https://doi.org/10.1371/journal.pone.0215696.g008

Discussion

The effectiveness of cancer chemotherapy is influenced by several factors, with drug resistance and tumor recurrence as major obstacles to successful therapy. However, the underlying mechanisms that alter this efficacy are not completely understood and vary between patients and tumor types. Our integrated data set uncovers a novel mechanism that implicates HMGA2 as an independent, critical determinant of drug response.

We found that the chemosensitivity of cancer cells to the clinically important TOP1 poison irinotecan/SN38 can be determined by the expression level of the oncofetal replication fork chaperone HMGA2. While low to moderate levels sensitized cancer cells and potentiated the formation of genotoxic TOP1cc, high HMGA2 expression levels protected cells against SN38, at least in part by mitigating TOP1cc formation. Such varied response was not observed in cells treated with HU, with broad protection observed across all cell models. We discuss first the proposed role of HMGA2 in the chemosensitivity to irinotecan/SN38.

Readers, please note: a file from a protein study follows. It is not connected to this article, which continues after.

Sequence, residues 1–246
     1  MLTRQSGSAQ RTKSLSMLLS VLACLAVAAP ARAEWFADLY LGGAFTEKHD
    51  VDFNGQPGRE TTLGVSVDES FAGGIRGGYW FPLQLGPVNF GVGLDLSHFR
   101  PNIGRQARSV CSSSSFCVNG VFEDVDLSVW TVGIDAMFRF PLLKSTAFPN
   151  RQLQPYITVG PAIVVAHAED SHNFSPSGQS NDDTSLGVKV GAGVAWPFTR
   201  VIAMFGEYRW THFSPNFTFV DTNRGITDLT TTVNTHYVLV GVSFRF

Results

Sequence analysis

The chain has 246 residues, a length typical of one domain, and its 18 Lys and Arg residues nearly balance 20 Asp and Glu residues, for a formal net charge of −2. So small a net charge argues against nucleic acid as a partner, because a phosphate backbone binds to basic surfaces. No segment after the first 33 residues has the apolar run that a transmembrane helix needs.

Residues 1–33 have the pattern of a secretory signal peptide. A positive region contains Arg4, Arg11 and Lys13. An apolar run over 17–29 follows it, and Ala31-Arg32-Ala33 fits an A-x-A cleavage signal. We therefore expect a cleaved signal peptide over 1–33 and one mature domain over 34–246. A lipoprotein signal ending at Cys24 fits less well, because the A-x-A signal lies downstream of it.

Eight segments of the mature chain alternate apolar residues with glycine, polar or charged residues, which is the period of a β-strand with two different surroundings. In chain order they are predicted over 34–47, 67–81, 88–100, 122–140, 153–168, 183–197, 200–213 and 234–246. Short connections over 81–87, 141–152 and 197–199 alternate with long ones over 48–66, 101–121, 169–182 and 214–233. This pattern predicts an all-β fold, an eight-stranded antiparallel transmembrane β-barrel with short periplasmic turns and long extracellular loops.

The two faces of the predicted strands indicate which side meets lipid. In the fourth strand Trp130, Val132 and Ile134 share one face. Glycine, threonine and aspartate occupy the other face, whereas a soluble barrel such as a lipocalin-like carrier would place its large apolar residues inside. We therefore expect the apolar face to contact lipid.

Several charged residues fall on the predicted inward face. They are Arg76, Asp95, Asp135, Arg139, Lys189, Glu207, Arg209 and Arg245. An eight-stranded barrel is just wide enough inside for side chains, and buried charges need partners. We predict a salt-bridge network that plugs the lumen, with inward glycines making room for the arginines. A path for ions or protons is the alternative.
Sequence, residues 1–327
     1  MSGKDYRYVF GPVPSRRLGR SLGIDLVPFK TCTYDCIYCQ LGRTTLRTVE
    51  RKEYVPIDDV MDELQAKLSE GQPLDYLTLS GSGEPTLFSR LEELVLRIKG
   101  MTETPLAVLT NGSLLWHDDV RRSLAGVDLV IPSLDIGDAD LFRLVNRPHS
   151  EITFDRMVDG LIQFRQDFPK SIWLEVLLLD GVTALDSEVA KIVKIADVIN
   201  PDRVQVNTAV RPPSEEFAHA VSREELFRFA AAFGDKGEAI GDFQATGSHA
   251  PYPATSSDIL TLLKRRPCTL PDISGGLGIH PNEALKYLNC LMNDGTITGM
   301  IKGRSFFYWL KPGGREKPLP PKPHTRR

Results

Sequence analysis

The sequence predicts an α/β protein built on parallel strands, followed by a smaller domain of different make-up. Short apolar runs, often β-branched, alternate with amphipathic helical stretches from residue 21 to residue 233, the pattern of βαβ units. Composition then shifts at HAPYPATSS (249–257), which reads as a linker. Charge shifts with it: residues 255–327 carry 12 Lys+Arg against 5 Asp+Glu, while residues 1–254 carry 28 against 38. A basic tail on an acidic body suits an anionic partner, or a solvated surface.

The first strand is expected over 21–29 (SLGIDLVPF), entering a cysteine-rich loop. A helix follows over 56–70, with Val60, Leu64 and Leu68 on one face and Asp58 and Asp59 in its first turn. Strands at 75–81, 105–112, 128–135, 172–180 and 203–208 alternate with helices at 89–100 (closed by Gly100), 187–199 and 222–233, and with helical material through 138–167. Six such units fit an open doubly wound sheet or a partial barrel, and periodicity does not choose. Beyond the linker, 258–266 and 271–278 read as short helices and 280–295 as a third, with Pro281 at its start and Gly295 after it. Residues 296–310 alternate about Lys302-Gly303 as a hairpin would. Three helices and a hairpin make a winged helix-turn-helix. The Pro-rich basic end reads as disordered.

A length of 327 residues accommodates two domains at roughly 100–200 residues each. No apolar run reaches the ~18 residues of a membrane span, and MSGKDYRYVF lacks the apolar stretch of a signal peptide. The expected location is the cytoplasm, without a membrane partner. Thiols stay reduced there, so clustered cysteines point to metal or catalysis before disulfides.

In conjunction with our recent in vitro data [28, 29], our ex vivo study now provides evidence that the opposing effects, which depend on HMGA2 expression levels, are mechanistically linked to HMGA2’s ability to constrain supercoiled DNA into highly compacted structures. At low to moderate HMGA2 levels, supercoil constraining by HMGA2 within ternary complexes consisting of (+) scDNA, HMGA2 and TOP1 profoundly affected DNA relaxation in the presence of SN38 in vitro (Fig 5G). We think that this may result in stabilized or increased drug binding to TOP1 within such ternary complexes, perhaps triggered by an impediment of the required rotational movements of the single-stranded DNA end during TOP1-mediated supercoil relaxation. Such an impediment caused by HMGA2 binding to and constraining of scDNA that has been cleaved by TOP1 could lead to more frequent misalignments of the O-(3′-phospho-DNA)-tyrosine intermediate with the 5′-OH end of the otherwise more freely rotating cleaved DNA strand [15]. This would indirectly augment the effect of SN38 on strand re-ligation and TOP1cc formation. Our proposed mechanism is supported by biochemical in vitro assays showing an increase in TOP1cc formation on scDNA with increasing amounts of HMGA2 [29]. In a cellular context, we therefore propose a model in which the increased trapping of TOP1 in covalent complexes with parental DNA during replication will primarily lead to more frequent replication fork run-off events due to collisions between helicases/replisomes and TOP1cc. If this occurs at subtelomeres, further nucleolytic degradation of parental DNA at these run-off sites over time will guillotine telomeres from the rest of the genomic DNA leading to the 30–100 kb telomere-containing genomic fragments that we observed in PFGE/Southern blots (Fig 9A).